Organizational Behavior in Action Case Analysis
I. Main Problem The problem of management is determining how to motivate employees at Resource Interactive to take active part in promoting and increasing the value of the stocks of their clients in a way unique from other marketing companies. II. Alternative Courses of Actions (ACAs) 1. Introduce a generic promotion program wherein employees are tasked to use or wear the company clients’ products or services. This is a common method among companies to show that they promote their clients’ products. 2.
Introduce a stock option program where the employees are given the responsibility to take care of their own stock options in the company’s client portfolios.. III. Recommendations Implementation of the second ACA is recommended because employees are more motivated when they feel that they have increased the value o their stocks. In other words, financial gain is a strong motivating factor in this case. Basically what we are relying on is the extrinsic rewards attained when one sees the value of their stock options go up and they feel comfortable in the feeling that their efforts are also financially rewarded.
Questions 1. What role does the concept of “line of sight” play in this case? Is it a good motivational
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This basically leaves it up to the employee’s own initiative to determine what actions are in line with organizational goals and strategic objectives. 2. Is the REEF benefits an intrinsic or extrinsic reward? Despite the case’s portrayal that the REEF benefits are not purely financial in nature, one can always point out the fact that seeking the increase in value of one’s stock options is not intrinsically motivated behavior. The bottom line is that the employees are motivated to work harder and smarter due to the financial or extrinsic rewards that they might gain from such investment.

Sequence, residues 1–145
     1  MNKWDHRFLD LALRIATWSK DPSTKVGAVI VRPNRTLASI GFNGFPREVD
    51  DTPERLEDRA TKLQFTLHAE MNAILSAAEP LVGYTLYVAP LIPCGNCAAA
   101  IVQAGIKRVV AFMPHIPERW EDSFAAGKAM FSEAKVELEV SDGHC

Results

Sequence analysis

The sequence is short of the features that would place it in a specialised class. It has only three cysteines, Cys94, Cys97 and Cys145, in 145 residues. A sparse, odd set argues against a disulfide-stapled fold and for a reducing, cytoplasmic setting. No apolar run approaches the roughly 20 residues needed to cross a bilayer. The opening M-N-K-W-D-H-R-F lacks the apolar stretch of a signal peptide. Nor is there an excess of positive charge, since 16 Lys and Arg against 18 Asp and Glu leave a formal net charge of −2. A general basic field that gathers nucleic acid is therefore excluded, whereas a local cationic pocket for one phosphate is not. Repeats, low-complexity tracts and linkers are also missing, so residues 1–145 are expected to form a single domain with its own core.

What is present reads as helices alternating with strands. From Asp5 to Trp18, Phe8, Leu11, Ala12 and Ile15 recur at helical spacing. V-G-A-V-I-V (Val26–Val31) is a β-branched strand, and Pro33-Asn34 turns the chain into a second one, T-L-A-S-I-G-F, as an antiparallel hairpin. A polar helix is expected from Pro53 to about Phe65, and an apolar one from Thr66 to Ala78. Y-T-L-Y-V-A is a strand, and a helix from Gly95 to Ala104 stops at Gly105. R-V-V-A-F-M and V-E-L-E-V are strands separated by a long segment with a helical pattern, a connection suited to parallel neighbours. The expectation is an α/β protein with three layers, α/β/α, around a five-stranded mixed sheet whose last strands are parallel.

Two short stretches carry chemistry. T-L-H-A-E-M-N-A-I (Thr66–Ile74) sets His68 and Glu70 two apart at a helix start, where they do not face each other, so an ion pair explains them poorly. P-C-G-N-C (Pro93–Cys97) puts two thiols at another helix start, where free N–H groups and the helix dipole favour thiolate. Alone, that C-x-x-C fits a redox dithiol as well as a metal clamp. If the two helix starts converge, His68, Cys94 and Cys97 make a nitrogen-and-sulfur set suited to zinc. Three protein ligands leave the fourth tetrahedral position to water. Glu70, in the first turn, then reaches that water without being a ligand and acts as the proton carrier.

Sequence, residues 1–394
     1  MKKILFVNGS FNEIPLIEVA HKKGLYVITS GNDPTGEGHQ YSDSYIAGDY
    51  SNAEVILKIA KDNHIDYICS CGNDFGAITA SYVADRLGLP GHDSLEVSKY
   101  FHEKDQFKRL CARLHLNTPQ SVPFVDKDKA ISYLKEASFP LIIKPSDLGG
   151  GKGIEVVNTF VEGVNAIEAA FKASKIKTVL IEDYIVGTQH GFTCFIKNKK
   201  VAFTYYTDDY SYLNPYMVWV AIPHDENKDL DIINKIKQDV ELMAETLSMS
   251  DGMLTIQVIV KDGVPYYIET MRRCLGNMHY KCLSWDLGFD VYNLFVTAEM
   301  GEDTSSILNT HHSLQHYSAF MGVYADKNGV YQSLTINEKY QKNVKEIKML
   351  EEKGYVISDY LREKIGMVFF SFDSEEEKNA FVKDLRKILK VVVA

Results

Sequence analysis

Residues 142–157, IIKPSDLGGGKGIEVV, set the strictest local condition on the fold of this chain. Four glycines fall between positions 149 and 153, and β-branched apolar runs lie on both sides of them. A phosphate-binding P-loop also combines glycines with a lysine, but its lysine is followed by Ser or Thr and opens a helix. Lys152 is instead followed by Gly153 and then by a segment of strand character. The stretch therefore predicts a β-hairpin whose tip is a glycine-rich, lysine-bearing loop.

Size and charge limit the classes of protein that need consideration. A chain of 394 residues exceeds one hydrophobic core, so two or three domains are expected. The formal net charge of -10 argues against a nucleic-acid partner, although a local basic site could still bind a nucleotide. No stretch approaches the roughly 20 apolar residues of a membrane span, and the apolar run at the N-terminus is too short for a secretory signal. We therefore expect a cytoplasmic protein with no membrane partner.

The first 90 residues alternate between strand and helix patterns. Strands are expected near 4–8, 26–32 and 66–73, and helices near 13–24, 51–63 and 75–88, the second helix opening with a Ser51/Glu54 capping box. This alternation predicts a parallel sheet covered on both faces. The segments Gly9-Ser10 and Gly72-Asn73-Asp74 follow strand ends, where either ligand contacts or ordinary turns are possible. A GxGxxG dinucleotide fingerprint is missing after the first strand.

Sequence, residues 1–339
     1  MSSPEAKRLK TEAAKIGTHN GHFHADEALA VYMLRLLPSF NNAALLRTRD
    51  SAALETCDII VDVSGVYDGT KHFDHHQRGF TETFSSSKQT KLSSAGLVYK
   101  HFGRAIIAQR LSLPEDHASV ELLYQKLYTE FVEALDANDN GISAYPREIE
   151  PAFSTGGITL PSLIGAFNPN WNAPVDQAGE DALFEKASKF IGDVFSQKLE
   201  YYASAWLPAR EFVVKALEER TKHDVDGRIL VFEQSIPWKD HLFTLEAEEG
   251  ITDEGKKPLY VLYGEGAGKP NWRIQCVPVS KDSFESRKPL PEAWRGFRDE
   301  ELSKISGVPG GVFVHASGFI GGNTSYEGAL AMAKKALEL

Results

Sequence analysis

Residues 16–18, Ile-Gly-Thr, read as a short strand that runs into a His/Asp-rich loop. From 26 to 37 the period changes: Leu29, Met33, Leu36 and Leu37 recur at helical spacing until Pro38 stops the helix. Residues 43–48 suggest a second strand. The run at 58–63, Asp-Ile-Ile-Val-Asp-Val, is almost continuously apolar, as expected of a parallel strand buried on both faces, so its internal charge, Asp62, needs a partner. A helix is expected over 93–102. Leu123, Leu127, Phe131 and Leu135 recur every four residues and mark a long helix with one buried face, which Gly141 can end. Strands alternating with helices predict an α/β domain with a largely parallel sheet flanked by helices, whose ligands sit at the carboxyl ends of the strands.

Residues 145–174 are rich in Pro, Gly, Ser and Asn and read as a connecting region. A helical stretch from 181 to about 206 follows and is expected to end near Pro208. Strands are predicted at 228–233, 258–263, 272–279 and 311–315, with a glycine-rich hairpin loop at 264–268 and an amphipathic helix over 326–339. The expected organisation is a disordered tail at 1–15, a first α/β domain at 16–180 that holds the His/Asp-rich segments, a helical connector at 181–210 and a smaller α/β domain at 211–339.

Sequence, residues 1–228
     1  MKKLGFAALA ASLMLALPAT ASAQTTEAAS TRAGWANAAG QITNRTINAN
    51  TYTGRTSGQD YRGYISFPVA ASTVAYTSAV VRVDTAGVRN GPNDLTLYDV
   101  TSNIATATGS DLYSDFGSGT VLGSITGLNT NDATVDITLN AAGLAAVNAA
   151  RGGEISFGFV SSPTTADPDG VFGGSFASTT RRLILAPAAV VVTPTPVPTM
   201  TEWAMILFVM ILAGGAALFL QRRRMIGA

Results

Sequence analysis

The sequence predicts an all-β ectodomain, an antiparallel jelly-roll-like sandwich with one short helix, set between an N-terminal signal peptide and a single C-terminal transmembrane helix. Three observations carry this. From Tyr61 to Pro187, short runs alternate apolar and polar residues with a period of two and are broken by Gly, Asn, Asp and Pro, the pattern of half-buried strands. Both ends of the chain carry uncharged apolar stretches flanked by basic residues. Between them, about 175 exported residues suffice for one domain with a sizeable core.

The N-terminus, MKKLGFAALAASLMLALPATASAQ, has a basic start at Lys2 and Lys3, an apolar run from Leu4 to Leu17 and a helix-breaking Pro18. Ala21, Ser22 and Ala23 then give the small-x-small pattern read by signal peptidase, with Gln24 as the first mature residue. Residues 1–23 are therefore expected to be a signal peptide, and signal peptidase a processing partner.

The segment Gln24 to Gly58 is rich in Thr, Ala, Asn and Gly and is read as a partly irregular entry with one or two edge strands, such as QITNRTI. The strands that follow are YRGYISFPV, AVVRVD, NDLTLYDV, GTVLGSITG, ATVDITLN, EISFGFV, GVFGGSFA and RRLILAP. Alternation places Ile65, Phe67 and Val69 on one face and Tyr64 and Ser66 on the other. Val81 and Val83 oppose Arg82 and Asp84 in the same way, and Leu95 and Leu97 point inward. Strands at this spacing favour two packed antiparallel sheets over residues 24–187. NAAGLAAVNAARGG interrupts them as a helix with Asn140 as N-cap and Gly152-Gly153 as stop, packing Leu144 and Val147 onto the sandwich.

3. In terms of Thomas’s four building blocks in Figure 9-3, how would you rate Resource Interactive’s potential for generating intrinsic motivation? Explain. In terms of leading for meaningfulness, the company only slightly inspires and models desired behavior by providing a non-cynical climate. In terms of leading for choice, it empowers employees in small quantities by giving them some information about stock options as a form of employee’s benefit. In terms of leading for competence, the company barely supports and coaches their employees and recognizes their specific skills.
In terms of leading for progress, the company attempts to measure improvement by observing how employees develop good working habits from the rewards of increased values in their stock options. In summary, Resource Interactive’s current potential for generating intrinsic motivation can be considered as still in the start-up phase just like its REEF program. If one is to look closely at the way current leadership is trying to motivate employees, it might be described that they focus more on extrinsic motivation rather than intrinsic rewards. 4. Is REEF an effective positive reinforcement program?
Explain. Yes, since it strengthens positive behavior on the part of the employees. The program encourages positive behavior on the part of employees since they would feel responsible in increasing the value of their stock options. Thus, they have to work hard in order to attain financial gain in their respective investments. 5. What is your personal view or REEF? Would it motivate you to be harder working employee? I would say it motivates one to be slightly hard working since it reinforces positive behavior on the part of employees to a certain degree.
Of course, when the stock price dips to a low level, this might initiate different responses from the employees. Others might be motivated to continue despite the small letdown; while others might react oppositely and might develop a negative towards working hard in the long-run. References 1. Mintzberg, H. (2002). Organizational Design: Fashion or Fit. EBSCO Publishing 2. Butler T. and Waldroop, J. (1999)Job Sculpting: The Art of Retaining Your Best People. Harvard Business Review, September 1999 issue. Harvard Business Press.